We then identified three fundamental habits underpinning a workplace designed for brain health—these are our workplace ABCs. First, the intent of a task must be aligned with the chosen environment. Based on the work an employee must accomplish, they must leverage the unique digital and physical affordances available to them. We also identified that workers need balance throughout the workday. Balanced habits are about variability: working in different modalities and accessing a diversity of spaces. Finally, connection is critical to the workplace for brain health. This means connecting with others to boost a sense of belonging and provide a sense of purpose. Relating to how we align what we do with where we work and finding balance, connection also means equipping workers with the autonomy to choose and the authority to have control over their environment.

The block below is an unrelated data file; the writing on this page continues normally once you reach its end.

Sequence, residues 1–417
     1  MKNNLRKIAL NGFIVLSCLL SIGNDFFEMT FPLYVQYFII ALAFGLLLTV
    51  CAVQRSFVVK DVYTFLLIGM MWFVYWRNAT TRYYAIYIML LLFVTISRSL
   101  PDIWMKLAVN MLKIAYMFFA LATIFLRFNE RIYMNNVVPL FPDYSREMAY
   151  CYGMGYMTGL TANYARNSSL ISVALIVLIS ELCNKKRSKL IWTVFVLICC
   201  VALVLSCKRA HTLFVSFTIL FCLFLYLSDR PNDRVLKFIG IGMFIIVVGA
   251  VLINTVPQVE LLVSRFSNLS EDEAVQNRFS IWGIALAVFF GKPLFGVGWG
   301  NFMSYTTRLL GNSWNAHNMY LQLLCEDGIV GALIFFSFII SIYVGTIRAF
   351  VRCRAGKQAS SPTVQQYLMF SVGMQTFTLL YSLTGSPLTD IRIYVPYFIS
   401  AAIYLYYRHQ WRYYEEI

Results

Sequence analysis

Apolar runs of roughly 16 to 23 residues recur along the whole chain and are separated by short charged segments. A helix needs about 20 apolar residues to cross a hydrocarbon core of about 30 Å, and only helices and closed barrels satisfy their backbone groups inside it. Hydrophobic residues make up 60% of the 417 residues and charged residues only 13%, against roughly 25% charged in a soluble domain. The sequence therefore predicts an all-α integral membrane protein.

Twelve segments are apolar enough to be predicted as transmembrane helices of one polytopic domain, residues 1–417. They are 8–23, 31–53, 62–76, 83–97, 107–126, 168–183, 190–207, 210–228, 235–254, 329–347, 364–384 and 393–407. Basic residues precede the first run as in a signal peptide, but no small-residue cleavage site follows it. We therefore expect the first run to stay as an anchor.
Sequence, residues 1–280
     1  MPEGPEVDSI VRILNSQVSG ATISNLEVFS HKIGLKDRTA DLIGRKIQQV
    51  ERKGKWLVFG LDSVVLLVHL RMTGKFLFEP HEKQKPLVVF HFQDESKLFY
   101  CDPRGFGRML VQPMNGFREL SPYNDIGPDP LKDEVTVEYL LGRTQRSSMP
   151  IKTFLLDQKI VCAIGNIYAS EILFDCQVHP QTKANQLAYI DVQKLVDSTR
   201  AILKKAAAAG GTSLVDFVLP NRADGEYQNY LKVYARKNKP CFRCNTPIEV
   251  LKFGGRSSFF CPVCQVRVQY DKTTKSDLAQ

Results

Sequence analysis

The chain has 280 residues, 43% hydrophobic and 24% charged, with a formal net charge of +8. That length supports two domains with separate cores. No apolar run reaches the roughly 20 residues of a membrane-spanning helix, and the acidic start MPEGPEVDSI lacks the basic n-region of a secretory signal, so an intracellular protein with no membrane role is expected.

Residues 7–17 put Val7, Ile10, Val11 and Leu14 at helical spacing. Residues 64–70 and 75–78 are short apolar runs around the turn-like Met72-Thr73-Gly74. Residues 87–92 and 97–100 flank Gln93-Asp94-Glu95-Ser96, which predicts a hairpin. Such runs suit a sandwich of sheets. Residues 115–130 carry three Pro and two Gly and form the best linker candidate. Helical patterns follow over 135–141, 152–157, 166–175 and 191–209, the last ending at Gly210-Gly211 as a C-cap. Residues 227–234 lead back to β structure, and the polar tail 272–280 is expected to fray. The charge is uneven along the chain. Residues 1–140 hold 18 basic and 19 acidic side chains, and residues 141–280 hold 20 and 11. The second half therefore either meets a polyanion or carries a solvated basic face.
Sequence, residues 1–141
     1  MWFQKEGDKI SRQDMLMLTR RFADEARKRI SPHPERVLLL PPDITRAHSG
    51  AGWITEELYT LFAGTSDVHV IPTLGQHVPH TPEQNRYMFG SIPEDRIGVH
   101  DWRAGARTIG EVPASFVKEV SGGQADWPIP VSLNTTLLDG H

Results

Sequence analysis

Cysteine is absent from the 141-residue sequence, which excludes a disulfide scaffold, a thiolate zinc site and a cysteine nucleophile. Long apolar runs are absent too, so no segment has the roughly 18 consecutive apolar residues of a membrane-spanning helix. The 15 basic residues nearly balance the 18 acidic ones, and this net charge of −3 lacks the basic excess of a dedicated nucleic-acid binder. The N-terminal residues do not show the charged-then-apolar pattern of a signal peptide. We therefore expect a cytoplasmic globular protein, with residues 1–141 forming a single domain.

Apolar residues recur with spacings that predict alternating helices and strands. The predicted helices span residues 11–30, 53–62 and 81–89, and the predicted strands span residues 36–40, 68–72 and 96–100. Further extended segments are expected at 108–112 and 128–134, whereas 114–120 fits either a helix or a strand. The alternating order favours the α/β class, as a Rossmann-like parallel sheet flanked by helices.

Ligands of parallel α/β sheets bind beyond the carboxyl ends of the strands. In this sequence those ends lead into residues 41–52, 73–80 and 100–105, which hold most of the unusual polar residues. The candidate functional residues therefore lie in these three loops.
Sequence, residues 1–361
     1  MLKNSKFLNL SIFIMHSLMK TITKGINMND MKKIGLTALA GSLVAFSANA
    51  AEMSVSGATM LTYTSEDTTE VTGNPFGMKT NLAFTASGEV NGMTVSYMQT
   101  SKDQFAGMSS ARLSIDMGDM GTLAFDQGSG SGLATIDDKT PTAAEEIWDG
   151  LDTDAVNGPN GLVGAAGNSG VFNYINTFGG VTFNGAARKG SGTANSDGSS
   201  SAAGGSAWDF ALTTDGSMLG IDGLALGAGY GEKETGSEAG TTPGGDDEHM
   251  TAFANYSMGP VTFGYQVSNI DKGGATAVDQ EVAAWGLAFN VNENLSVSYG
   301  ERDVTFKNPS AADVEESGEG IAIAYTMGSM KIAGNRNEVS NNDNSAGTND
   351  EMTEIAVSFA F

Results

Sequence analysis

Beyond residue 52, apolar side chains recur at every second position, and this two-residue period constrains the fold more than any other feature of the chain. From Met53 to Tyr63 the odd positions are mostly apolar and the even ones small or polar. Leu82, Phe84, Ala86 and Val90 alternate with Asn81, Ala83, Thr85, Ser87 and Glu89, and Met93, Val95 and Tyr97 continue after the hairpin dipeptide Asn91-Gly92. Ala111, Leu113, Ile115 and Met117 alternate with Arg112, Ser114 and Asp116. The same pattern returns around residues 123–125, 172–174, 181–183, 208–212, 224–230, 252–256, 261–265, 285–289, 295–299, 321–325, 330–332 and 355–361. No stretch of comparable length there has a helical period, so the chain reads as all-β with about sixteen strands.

What’s next? We’re embracing the experiment: building on what we’ve gathered from our living labs and insights that we’ve gleaned from those who participated in our year-long study. We know that we’re not done yet. Our firm’s Flex Work policy is changing based on our learnings. We’re partnering with the Center for BrainHealth to develop a brain healthy workplace certification to encourage brain health practices and build accountability. We’re also focused on how our brain health explorations support unique business needs, so we’re developing a robust business case and toolkit for brain-healthy workplaces that will extend the work from this insights report into actionable real estate tools and measured impact. 

Click here to download the full report

Citations:
Zientz, J., Spence, J., Chung, S. S. E., Nanda, U., & Chapman, S. B. (in review). Exploring how brain health strategy training informs the future of work. Frontiers in Psychology.